One neat thing about being a counselor is every day is different, and we get to hear it all. Our job allows us to be exposed to a wide cross-section of society - the good, the bad, and the things that make you wonder. We have the privilege of being told things that we vow to keep confidential. The flip side is we are told things that we vow to keep confidential and sometimes that is really hard. I think sometimes counselors are written off has being softies with bleeding hearts. More often than not, I think we know something that we can't necessarily share that causes us to see things a little differently. A student is out of dress code. It could mean they refuse to follow the dress code. It can also mean they slept in their car last night. A student didn't shave. It could mean they are testing limits. It can also mean they had to pick up their drunk mom late last night because she wasn't able to drive herself home. The student is really just glad to make it to school. Rules are no doubt important, and I know taking care of the little stuff prevents little stuff from turning into big stuff, but sometimes I think counselors are fortunate to be able to see more of the picture.
I also find it interesting how many factors affect students' lives and whether or not they are successful. Some students are so incredibly intrinsically driven that no obstacle in their way slows them down. These kids amaze and inspire me. There are also those who put in very little effort or work but they do just fine. Some are very intelligent and some are very adept at manipulating and working the system. Some kids have such wonderful, warm families supporting and cheering them on and some students are truly parentified children. Some students don't have very healthy family units, but they have at least one strong ally in their corner - a friend, teacher, neighbor, coach, counselor, church member, or family friend. Some students have it all and seem so unmotivated. Those are the students I find hardest to understand. And money matters. I don't care what anyone says. The playing field is not even.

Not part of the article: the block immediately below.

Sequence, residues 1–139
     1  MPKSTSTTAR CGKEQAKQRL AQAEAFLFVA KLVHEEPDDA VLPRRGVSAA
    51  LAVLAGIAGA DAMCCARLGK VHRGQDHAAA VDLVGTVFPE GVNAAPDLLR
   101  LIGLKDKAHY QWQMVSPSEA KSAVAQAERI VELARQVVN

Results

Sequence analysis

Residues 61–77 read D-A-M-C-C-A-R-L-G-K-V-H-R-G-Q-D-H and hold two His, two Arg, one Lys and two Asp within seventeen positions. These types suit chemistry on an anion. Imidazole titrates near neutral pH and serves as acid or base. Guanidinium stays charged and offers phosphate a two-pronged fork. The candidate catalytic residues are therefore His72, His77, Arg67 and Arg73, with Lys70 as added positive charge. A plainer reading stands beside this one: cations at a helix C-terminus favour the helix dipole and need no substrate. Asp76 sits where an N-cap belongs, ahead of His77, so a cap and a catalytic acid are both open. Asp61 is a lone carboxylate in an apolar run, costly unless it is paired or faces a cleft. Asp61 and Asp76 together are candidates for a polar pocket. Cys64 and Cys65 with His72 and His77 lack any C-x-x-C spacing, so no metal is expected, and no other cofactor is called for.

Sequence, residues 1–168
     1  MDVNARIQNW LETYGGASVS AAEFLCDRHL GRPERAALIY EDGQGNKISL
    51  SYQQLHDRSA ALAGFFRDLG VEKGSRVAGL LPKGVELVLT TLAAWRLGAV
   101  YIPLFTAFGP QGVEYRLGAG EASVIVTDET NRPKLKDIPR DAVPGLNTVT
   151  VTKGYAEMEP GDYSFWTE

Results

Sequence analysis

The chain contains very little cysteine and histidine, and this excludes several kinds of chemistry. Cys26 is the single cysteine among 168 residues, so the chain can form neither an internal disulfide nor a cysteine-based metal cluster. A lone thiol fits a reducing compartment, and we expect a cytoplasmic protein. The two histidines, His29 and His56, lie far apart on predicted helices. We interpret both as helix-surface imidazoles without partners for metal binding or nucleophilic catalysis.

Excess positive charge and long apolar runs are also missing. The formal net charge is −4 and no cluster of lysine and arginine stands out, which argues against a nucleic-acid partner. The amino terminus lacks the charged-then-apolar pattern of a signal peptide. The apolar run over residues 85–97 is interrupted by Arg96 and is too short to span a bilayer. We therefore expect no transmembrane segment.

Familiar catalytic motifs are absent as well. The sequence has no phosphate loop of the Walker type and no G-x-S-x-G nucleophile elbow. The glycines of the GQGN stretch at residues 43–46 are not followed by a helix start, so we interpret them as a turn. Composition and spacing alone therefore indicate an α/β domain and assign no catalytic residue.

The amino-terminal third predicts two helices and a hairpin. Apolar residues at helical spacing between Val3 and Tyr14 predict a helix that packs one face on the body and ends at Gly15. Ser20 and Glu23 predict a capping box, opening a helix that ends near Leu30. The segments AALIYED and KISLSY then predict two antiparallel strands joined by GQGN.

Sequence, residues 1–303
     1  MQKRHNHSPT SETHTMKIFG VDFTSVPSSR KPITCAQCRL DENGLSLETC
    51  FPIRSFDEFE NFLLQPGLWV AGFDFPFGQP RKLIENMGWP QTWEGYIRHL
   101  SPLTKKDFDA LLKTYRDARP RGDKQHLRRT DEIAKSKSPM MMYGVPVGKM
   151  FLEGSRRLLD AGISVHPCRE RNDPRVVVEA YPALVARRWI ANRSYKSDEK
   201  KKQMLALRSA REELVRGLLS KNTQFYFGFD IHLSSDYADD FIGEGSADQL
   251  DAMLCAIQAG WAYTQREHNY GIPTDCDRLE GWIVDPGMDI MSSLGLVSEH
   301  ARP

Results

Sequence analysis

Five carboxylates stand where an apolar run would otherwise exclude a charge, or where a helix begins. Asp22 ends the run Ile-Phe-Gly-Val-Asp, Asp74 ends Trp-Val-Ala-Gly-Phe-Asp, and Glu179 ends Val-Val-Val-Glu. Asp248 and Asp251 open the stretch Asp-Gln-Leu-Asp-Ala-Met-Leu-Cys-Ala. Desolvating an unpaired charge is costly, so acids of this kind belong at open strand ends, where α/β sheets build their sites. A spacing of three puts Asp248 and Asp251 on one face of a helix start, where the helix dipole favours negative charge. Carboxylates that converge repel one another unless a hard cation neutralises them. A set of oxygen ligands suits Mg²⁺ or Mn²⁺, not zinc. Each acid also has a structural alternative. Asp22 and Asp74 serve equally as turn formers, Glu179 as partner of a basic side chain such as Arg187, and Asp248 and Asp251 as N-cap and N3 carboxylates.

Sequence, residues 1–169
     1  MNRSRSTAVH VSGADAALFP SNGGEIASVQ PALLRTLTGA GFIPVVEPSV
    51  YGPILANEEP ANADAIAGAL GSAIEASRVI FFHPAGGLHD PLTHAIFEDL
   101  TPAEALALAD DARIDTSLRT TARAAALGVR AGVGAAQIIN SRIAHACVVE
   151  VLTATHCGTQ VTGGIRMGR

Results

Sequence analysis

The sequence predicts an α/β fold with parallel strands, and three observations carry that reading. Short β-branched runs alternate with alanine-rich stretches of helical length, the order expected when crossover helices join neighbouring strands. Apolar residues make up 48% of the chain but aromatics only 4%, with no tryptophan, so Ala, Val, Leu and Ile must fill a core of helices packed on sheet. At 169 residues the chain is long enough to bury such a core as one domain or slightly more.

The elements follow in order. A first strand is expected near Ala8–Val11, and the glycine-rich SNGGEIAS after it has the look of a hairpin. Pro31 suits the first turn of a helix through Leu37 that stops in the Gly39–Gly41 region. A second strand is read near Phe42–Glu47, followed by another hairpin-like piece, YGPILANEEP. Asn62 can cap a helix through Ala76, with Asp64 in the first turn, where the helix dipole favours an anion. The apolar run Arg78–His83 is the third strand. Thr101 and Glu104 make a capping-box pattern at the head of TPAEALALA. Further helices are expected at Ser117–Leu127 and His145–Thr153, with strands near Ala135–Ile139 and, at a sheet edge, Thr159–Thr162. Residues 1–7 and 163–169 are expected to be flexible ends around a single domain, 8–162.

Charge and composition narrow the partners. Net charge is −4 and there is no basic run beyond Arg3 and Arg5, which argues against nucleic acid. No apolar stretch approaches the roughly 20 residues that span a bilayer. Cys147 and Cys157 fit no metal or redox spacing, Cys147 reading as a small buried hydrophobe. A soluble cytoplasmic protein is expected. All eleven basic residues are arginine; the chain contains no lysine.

In any case, last night when my students walked across the stage and received their diplomas, I couldn't help but remember the ups and downs of the last three years. It also reminded me that each person has their own journey and story so rich with details, many of which the rest of the world doesn't know about. With the exception of very few people, we are all dealing with a few of our own demons and obstacles.
I felt happy and relieved. I completely understand that this is just one stop along the way, but I'm proud of these students and happy for their families that they can now check high school diploma off the to-do list. :) I am thankful for the laughs, smiles, fist bumps and happy memories, and I am thankful that in the tiniest of ways I was able to join them on this part of their journey. The last few days I have received so many hugs and thank yous. My bucket will be full for a long time.
I'm so used to saying, "See you on Monday," "see you next semester," see you after the break," and so on. As I drove home after graduation, it hit me that I won't see or hear from most of these students again which is how it is supposed to be. I'm excited for them, and I wish the very best for each and every one of them - that they find what makes them happy, that they make good choices for themselves, and that they find the next leg of their journey better than the last. Next fall I get to start with a new set of sophomores. I think I just may have one of the best jobs in the world.